8th February, 2013
PICTURE: Diego Baseggio/www.sxc.hu
Having celebrated its 30th anniversary last year, the humble compact disc has revolutionised the way we think about music storage - and marked the start of the popular move to digital music storage.
While the origins of the CD really go back to the invention of the photograph in the late 1800s, it was only in the mid 1970s when both Sony and Philips independently developed prototypes for what would become the ubiquitous CD.
The two companies - the Dutch-based Philips and Japan-based Sony - joined in a collaborative effort to set standards, and on 1st October, 1982, the first commercially available CD (and CD player) was released in Japan followed by Europe and the US early the following year.
The discs - which are about 1.2 millimetres thick and are made from polycarbonate plastic - store data as tiny indentations known as pits. The data is accessed by focusing a laser through the bottom of the disc; hence the discs are 'read' by a laser.
Interestingly, the width of the disc - 12 centimetres across the middle - was determined by the demand that it contain sufficient running time for the whole of Beethoven's 9th Symphony (it has been said Sony made this demand to ensure Philips, which was already set up to press the 11.5 centimetre discs, didn't have a competitive advantage). The hole in the centre of the disc is said to be the same size as an old Dutch 10 cent coin.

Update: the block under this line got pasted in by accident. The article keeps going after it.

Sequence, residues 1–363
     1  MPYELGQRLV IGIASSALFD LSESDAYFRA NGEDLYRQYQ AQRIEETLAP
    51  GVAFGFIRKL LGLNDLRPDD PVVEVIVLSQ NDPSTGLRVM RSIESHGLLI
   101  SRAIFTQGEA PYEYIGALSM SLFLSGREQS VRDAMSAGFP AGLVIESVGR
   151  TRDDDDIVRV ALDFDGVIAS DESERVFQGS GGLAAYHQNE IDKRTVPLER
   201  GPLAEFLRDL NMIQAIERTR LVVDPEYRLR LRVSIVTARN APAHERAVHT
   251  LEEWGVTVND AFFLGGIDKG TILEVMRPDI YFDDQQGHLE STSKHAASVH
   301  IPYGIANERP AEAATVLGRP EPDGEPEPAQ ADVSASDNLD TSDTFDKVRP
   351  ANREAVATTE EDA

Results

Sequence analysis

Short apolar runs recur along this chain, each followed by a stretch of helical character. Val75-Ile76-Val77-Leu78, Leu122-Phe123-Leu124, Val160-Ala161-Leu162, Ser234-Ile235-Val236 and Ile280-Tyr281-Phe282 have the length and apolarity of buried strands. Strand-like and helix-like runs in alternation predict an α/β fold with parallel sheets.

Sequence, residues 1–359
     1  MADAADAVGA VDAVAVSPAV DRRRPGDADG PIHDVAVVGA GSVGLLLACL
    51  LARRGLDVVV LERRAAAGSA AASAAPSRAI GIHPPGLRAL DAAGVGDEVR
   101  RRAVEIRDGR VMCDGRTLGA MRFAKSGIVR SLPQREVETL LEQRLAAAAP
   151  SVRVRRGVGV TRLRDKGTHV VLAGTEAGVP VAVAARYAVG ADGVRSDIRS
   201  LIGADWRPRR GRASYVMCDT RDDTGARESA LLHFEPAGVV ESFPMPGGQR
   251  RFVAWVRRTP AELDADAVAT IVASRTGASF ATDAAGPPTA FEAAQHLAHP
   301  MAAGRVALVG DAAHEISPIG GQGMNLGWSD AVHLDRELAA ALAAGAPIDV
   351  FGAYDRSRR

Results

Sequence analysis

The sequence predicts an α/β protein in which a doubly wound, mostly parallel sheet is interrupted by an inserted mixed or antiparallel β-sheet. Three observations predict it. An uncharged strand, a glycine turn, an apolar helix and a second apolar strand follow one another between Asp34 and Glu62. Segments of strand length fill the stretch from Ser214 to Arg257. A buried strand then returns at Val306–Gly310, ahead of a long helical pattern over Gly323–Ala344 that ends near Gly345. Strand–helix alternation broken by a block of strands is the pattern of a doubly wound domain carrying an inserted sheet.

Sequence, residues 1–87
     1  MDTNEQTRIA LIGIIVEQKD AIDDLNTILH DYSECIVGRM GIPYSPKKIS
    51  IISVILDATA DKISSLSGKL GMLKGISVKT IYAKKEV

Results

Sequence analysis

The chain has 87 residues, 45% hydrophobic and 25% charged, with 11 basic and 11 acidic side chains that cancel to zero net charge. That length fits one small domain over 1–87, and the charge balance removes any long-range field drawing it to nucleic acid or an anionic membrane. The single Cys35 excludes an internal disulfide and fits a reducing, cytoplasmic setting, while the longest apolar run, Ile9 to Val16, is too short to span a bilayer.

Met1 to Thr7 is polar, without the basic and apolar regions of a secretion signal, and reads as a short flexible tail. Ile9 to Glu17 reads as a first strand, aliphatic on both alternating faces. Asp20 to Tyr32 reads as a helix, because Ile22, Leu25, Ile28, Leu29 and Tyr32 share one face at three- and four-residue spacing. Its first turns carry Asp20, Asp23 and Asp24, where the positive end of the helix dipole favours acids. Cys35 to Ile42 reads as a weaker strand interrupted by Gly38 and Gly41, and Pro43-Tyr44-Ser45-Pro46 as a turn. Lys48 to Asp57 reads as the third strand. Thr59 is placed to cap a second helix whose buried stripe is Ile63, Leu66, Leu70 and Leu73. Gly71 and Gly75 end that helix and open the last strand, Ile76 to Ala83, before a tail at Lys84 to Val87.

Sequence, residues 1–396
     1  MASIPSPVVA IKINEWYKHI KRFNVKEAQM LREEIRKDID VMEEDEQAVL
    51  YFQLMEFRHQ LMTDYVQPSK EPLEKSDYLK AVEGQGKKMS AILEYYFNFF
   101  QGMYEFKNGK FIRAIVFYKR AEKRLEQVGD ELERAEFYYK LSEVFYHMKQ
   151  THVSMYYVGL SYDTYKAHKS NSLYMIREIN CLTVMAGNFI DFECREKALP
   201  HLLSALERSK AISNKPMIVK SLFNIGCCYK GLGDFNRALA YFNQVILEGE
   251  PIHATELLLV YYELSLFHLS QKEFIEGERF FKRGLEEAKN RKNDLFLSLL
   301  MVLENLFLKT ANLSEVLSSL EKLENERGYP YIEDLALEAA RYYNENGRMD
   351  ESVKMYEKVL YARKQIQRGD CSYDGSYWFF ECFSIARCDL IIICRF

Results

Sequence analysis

The first album to be released commercially on CD was Billy Joel's 52nd Street (although recordings of Strauss's Eine Alpensinfonie and ABBA's album The Visitors had already been made) while the the first artist to sell a million copies of an album on CD was Dire Straits with 1985's Brothers in Arms.
While worldwide annual sales of CDs peaked at more than two billion in the early Noughties, the ongoing development of new methods of storing digital data - from internet clouds to portable flash drives - has seen its popularity decline in more recent years. What its long-term future is remains to be seen but as someone remarked at the 30th birthday of the CD last year - "The CD is starting to feel its age".
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